So I promised y’all a longer answer about why Team Too Thrifty Chicks is still in debt, (read this post if you just got here and welcome) two years after the start of Operation Do Better. And here it is from 1/2 of the team.
The Long Answer
2014 was rough on our ability to adult. For a time, after I quit my job, we budgeted, but the reality of a drastically reduced income meant that we did so with limits and no goals other than survival.
And because we had no goals, there was no fun and there was nothing to reward. We were in survival mode. Survival mode without a strategy for how to get out paralyzes you. You can’t think about tomorrow when there is only today. It kills your will to think about the future.
Hindsight informs me that quitting my job
might have been was very good for my emotional, spiritual and mental well-being, but it was hell on a sista’s bank account. Reese and I were still on Dave Ramsey’s Baby Step 2: Debt Snowball. We still are. We had not reached Baby Step 3: Save three to six months living expenses.
Had I had that kind of savings when I quit my job, I might have stuck out freelancing a bit longer. Ideally, I would not only have saved that money, but I would not have left my job unless I had a certain number of regular clients, or a real strategy for how to get more.
By the time I realized that I was in the middle of the ocean in a very leaky boat, and I only had my two hands to bail out the water, it was almost too late. I am not going to lie, had my depressive state not broken when it did, had I not accepted that this experiment had failed, and had I not realized that I needed more than a bigger bucket, but I needed to be saved, I would have drowned.
Recovery Is A Process
When I finally landed a job, the funny thing is that survival mode didn’t immediately end. I thought returning to the Land of the Steady Paycheck would allow me to get back on the Operation Do Better train. But things were different. Reese was in Memphis and I was New Haven. It was the first time since we became friends that we had to “do better” on our own. Solo Adulting is not as much fun as Team Too Thrifty Chicks Adulting. Just sayin.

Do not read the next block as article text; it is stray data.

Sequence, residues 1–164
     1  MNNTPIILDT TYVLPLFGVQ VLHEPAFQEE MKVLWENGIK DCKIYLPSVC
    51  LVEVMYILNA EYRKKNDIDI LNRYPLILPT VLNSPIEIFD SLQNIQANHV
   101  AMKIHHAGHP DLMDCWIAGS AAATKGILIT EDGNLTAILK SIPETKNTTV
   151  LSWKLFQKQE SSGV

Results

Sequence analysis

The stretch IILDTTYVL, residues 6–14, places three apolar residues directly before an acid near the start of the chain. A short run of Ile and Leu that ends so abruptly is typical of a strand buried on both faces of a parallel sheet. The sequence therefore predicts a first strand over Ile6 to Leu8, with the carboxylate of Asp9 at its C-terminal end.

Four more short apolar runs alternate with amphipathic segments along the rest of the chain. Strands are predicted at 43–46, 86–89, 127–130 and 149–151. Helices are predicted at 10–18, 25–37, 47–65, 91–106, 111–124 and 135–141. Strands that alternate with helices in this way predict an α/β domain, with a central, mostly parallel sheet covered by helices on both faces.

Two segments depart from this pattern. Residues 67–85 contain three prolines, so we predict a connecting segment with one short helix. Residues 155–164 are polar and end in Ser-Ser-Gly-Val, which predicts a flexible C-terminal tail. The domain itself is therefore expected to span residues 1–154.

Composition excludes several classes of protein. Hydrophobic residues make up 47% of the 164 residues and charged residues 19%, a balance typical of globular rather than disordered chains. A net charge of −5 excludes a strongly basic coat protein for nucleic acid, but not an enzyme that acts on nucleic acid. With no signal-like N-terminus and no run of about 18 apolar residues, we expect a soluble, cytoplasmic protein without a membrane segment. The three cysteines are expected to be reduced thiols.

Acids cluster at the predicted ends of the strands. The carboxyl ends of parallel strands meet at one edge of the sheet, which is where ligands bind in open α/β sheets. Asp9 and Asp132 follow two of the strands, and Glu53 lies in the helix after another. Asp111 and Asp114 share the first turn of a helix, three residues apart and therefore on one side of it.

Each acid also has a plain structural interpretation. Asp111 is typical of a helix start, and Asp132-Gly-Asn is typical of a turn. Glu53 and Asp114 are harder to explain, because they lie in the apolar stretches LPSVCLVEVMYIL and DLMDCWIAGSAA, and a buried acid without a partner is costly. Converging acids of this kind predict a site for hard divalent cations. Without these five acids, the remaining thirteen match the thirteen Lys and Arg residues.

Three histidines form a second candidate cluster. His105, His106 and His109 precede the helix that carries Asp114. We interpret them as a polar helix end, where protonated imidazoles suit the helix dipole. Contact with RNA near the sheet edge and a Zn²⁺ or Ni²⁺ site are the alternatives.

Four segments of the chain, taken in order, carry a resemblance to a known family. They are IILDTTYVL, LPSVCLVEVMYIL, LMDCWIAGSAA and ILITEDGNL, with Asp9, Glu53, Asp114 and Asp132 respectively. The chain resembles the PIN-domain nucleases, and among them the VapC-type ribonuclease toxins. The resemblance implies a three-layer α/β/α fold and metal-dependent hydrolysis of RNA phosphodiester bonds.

For probably the first three months, I barely spent money. My student loan was still deferred, so I often had money left over. I also was scared to spend it. Funny thing about that is when the student loan payment kicked back in the following February, I suddenly felt like I didn’t have enough money to get through the month.
But even crazier than that, at least to me, is that knowing that my paycheck was going to show up like clockwork eventually freed me of the fear of survival mode for about 3/4 of the month. That means I always had this euphoric, “I’m rich” feeling when I got paid, but by the end of the month I was pinching pennies like a miser.
I also had low-key started using my credit cards again. I had started using the only one I still had when I was in survival mode after quitting my job with no savings. We had saved cash for our trip to South Africa, and I had bought my plane ticket before I quit my job. But life after that trip for me financially was a downward slide.
One of the few smart things that I did do before I quit my job was consolidating the last of my credit card debt through a loan from Lending Club. The interest rate was lower than my remaining credit card and knowing that they snatch the money out of my account every month meant I couldn’t play around with not having the money to pay the bill. Not that I do.
I automated all my monthly payments a long time ago so I have a stellar on-time payment history. The other reason I liked the loan is because unlike a credit card, you can’t spend against it. I also reduced the credit limit on the one credit card I kept. I still ran it up, but not as high as I could have.
If At First You Don’t Succeed
When I got the new job, I refocused on paying off that one credit card. And by refocus, I mean I applied for and received a zero interest for 18 months credit card that I could transfer some of the balance from the card I had.
My thinking was that I would pay down a portion of this balance and avoid some of the high interest for the card that I still had. The plan was never to use that credit card except to pay down the balance quickly and transfer more of the other balance before the interest free period ended. The reality is that that never happened. Though I set up payments that would have paid the card off long before the 18 months were up, I couldn’t resist the temptation of using the card.
I was shelling out all this money, but the needle wasn’t moving. And to be honest, when I really look back, I wasn’t doing anything different about it. Sure, I was still freelancing, but I wasn’t being intentional about how I used my steadiest resource — my regular pay check — so you know I wasn’t being strategic about extra income. I invariably used that money for travel that I had committed myself to, but hadn’t properly planned, and to CYA when I had spent money but was falling short.
Reese, Tasha and I started talking about money — how to save it and how to grow it — during the summer months. But it was more in a post mortem fashion, after all the damage had been done. (To read a funny, but serious spending analysis I wrote for the month of July and shared with my girls click here.)
I realized I was quickly slipping into my old financial habits. I had already been down that road and I knew there wasn’t anything but a ramshackle house at the end of it. That road led to broke. I wanted to get serious again about slaying debt and saving, but it seemed like the old tried and true — $1,000 emergency fund, attack the debt — wasn’t enough. I wanted it, but I didn’t feel that excitement to go after it. I needed something to help me mentally engage in the process and align my behavior accordingly.